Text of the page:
Saturday, February 18, 2012

Sketchbooks and Journals

I am not a big journal person.  The collection on the table above is probably half of the journals I have kept over the last twenty five years.  Some are half empty. The one in the middle is the oldest and is from college.  The binding is coming apart and the drawings in it are smudged.  The newest one is the smallest journal just above my one from college.  Now, as I mentioned, I am not a person who is constantly putting my thoughts and feelings about art, life and what I ate this morning into a document that will live beyond me into immortality (or shame).  I am also not a sketcher, an artist who works out everything in miniature before approaching a canvas or piece of watercolor paper. I find nothing wrong with that process, I just am not that patient.  I want to make things as few times as possible before being done.

This is what I mostly do in my journals and even my sketch books: I think through structure.  The image above is for a story I have started about the beginnings of cities and culture.  For stories, I do not write down ideas and then figure out an order for those ideas.  I start with an idea and build the structure of the story, going from one thought to the next.  It is an intuitive line of thought and feeling I follow.  Structure comes from my feelings of boredom.   If I am getting bored with an idea, or part of the story, my mind drifts to something more interesting.  I will then pick up that thread and follow it to the next.  In my journal I jot down a beginning and where I want to be at the end of my story.  I will also write down thoughts of what might happen in the middle, but I usually end up somewhere else.  I spend as little time as possible in my journals, preferring to spend it writing or painting or drawing the real piece.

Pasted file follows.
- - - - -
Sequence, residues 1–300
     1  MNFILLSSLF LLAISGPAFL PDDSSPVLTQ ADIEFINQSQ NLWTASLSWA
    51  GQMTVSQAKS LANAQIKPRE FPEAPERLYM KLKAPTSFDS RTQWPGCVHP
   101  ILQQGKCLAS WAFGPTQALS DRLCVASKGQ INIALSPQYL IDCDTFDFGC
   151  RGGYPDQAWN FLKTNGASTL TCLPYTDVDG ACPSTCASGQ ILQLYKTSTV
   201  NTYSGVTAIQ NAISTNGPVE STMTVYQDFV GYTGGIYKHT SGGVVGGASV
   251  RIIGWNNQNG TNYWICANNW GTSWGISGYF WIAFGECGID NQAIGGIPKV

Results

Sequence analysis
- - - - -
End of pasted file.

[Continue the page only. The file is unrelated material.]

Here is a sketch and the completed ink drawing for a Bartholomew story.  The sketch is maybe 6" x 8".  The final drawing is 10" x 20".  In the sketch I was trying to determine the larger forms in the piece and composition.  By the time I completed the ink drawing, some things had changed from the sketch.  The audience on the sides of the composition are not in arching rows and the council are sitting at a square table area.  Individual faces, bodies and expressions are determined in the moment of drawing.  I like most of my work to be done on the final piece, not on the preliminaries.

Personal journaling is something I no longer do.  As I have looked back over the years at my journals, I find the same drivel repeated every few years.  Obviously, I was not getting anywhere with it.  Like my art, I prefer to spend my time in the final experience of living, not in the sketching out of what I might think about my experience.  I find responding to what is around me far more interesting. But that's me.

No comments:

Post a Comment